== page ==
public string Message { get; set; }
}

This is a pretty straight forward wrapper class. It can show you the status, the messages or error if any, and the data itself (T). This is how you would ideally want to expose your API endpoints. Let’s modify our CustomerController/GetById method.

[HttpGet("{id}")]
public async Task<IActionResult> GetById(int id)
{
    var customer = await context.Customers.Where(a => a.Id == id).FirstOrDefaultAsync();
    return Ok(new Response<Customer>(customer));
}

Line 4 gets the customer record from our DB for a particular ID.
Line 5 Returns a new wrapper class with customer data.

customer by id

You can see how useful this kind of approach is. Response.cs will be our base class. Now, from our API, we have 2 possibilities of responses, paged data (List of Customers) or a single record with no paged data (Customer by Id).

We will extend the base class by adding pagination properties. Create another class, Wrappers/PagedResponse.cs

public class PagedResponse<T> : Response<T>
{
    public int PageNumber { get; set; }
    public int PageSize { get; set; }
    public Uri FirstPage { get; set; }
    public Uri LastPage { get; set; }
    public int TotalPages { get; set; }
    public int TotalRecords { get; set; }
    public Uri NextPage { get; set; }
    public Uri PreviousPage { get; set; }

    public PagedResponse(T data, int pageNumber, int pageSize)
    {
        this.PageNumber = pageNumber;
        this.PageSize = pageSize;
        this.Data = data;
        this.Message = null;
        this.Succeeded = true;
        this.Errors = null;
    }
}

That’s quite a lot of properties to work with. We have page size, number, Uris of the first page, last page, total page count, and much more. Let’s start working on our Customer Controller.

Customer Controller – GetAll

[HttpGet]
public async Task<IActionResult> GetAll()
{
    var response = await context.Customer.ToListAsync();
    return Ok(response);
}

This is what our CustomerController looked like. We will be modifying this method to accommodate pagination. For starters, we would ideally need the required page parameters on the query string of the request, so that request would like https://localhost:44312/api/customer?pageNumber=3&pageSize=10. We will call this model as PaginationFilter.

Pagination Filter

Create a new class , Filter/PaginationFilter.cs

public class PaginationFilter
{
    public int PageNumber { get; set; }
    public int PageSize { get; set; }
    public PaginationFilter()
    {
        this.PageNumber = 1;
        this.PageSize = 10;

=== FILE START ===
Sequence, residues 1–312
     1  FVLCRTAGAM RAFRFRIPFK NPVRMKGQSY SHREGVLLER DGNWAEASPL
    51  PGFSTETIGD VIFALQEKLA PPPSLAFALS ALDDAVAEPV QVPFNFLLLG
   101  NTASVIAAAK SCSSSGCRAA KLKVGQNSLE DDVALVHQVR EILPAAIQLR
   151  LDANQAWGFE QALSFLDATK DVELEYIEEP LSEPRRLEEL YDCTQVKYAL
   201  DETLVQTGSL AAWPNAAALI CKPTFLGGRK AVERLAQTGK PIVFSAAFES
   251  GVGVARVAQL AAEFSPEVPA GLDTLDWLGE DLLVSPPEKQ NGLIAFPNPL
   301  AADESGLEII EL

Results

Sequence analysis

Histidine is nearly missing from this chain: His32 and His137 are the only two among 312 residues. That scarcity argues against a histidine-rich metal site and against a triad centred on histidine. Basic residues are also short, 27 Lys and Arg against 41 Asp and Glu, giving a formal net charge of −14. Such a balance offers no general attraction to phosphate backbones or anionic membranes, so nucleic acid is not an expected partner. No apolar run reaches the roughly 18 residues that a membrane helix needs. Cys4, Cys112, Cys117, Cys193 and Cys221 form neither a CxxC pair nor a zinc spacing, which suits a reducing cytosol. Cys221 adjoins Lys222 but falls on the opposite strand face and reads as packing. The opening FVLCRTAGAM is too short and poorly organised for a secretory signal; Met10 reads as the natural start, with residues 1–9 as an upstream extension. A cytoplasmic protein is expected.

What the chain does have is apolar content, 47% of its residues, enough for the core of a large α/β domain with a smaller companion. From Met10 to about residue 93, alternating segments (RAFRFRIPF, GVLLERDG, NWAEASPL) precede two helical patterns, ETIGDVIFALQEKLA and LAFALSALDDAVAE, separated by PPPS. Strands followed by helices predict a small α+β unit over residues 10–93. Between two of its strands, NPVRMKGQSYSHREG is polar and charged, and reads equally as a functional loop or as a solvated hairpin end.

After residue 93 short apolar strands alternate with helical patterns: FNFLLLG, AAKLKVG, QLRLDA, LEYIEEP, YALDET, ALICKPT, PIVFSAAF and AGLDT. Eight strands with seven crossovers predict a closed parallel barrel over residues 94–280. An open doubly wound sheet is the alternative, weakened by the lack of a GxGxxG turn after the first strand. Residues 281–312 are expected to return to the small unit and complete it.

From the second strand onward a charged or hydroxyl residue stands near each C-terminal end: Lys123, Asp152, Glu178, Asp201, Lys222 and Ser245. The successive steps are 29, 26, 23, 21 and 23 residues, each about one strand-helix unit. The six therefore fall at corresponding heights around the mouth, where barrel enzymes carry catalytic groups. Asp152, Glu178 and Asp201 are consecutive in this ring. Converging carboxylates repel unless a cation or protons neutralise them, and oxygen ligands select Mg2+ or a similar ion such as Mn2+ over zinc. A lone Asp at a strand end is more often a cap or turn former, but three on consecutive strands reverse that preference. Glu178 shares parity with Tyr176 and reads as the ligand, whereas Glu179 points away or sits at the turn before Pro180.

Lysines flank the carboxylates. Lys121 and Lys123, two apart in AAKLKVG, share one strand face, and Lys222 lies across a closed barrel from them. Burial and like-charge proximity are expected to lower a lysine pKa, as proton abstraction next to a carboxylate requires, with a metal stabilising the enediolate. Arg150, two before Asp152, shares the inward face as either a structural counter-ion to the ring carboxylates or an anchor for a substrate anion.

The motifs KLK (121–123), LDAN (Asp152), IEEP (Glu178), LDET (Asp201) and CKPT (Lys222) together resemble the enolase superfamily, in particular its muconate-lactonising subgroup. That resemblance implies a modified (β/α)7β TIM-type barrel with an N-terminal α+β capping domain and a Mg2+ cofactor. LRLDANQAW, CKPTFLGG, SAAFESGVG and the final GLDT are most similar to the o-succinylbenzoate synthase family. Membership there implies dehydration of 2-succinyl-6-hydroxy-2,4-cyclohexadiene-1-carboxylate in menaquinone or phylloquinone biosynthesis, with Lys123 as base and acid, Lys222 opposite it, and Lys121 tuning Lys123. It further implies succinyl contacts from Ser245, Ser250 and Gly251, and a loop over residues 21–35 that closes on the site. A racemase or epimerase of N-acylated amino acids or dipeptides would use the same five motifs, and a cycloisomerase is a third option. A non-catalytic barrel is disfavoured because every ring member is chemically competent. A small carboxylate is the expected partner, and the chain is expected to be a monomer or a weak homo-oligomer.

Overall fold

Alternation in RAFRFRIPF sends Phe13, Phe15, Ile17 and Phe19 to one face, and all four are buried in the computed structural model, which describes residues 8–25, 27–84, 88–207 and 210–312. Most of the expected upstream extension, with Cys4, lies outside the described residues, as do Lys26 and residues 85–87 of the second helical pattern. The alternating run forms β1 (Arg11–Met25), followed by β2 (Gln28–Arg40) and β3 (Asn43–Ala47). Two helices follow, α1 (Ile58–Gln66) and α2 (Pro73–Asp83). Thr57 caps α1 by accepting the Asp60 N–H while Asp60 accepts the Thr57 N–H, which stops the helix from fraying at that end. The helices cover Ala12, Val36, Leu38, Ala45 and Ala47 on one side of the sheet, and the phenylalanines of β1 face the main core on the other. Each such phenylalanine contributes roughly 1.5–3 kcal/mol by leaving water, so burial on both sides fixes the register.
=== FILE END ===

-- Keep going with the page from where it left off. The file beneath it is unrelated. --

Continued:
}
    public PaginationFilter(int pageNumber, int pageSize)
    {
        this.PageNumber = pageNumber < 1 ? 1 : pageNumber;
        this.PageSize = pageSize > 10 ? 10 : pageSize;
    }
}

Line 12 states that the minimum page number is always set to 1.
Line 13 – For this demonstration, we will set our filter such that the maximum page size a user can request for is 10. If he/she requests a page size of 1000, it would default back to 10.

Let’s add this filter to our controller method.

[HttpGet]
public async Task<IActionResult> GetAll([FromQuery] PaginationFilter filter)
{
    var validFilter = new PaginationFilter(filter.PageNumber, filter.PageSize);
    var response = await context.Customer.ToListAsync();
    return Ok(response);
}

Line 2 – Read the Query string on the request for page filter properties.
Line 3 – Validates the filter to a valid filter object (defaulting back to the allowed values). Ps, you would probably want to use a mapper here. But this current approach is fine for our guide.

Paging with Entity Framework Core

This is the core function of the entire implementation, the actual paging. It’s pretty easy with EFCore. Instead of querying the entire list of data from the source. EFCore makes it dead easy to query just a particular set of records, ideal for paging. Here is how you would achieve it.

var pagedData = await context.Customers
               .Skip((validFilter.PageNumber - 1) * validFilter.PageSize)
               .Take(validFilter.PageSize)
               .ToListAsync();

Line 1 accesses the Customer Table.
Line 2 Skips a certain set of records, by the page number * page size.
Line 3 Takes only the required amount of data, set by page size.

Modify the controller as below.

[HttpGet]
public async Task<IActionResult> GetAll([FromQuery] PaginationFilter filter)
{
    var validFilter = new PaginationFilter(filter.PageNumber, filter.PageSize);
    var pagedData = await context.Customers
        .Skip((validFilter.PageNumber - 1) * validFilter.PageSize)
        .Take(validFilter.PageSize)
        .ToListAsync();
    var totalRecords = await context.Customers.CountAsync();
    return Ok(new PagedResponse<List<Customer>>(pagedData, validFilter.PageNumber, validFilter.PageSize));
}

Line 9 – We will be counting the total records for further use.
Line 10 – Wraps the paged data in our PagedResponse Wrapper.

paged

That’s great! We have already implemented basic paging in our ASP.NET Core API. Let’s try to request with a page size larger than 10.

paged valid

It gets defaulted to 10 😀 Now, let’s start adding some advanced features like URL of the next page and so on.